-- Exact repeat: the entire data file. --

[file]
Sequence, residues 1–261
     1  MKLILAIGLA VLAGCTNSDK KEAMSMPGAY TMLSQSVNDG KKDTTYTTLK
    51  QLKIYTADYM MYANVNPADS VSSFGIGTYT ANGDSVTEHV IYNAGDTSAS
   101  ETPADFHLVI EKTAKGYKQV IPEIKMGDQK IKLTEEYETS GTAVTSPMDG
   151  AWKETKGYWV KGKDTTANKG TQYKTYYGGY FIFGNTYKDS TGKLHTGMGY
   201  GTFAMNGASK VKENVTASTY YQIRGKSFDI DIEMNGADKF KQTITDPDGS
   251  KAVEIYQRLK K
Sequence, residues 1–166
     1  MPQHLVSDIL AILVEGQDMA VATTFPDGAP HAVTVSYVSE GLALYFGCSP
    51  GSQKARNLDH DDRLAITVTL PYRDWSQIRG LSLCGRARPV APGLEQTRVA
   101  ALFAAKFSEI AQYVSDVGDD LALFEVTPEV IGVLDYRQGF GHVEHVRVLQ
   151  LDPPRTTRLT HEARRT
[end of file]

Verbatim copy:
Sequence, residues 1–261
     1  MKLILAIGLA VLAGCTNSDK KEAMSMPGAY TMLSQSVNDG KKDTTYTTLK
    51  QLKIYTADYM MYANVNPADS VSSFGIGTYT ANGDSVTEHV IYNAGDTSAS
   101  ETPADFHLVI EKTAKGYKQV IPEIKMGDQK IKLTEEYETS GTAVTSPMDG
   151  AWKETKGYWV KGKDTTANKG TQYKTYYGGY FIFGNTYKDS TGKLHTGMGY
   201  GTFAMNGASK VKENVTASTY YQIRGKSFDI DIEMNGADKF KQTITDPDGS
   251  KAVEIYQRLK K
Sequence, residues 1–166
     1  MPQHLVSDIL AILVEGQDMA VATTFPDGAP HAVTVSYVSE GLALYFGCSP
    51  GSQKARNLDH DDRLAITVTL PYRDWSQIRG LSLCGRARPV APGLEQTRVA
   101  ALFAAKFSEI AQYVSDVGDD LALFEVTPEV IGVLDYRQGF GHVEHVRVLQ
   151  LDPPRTTRLT HEARRT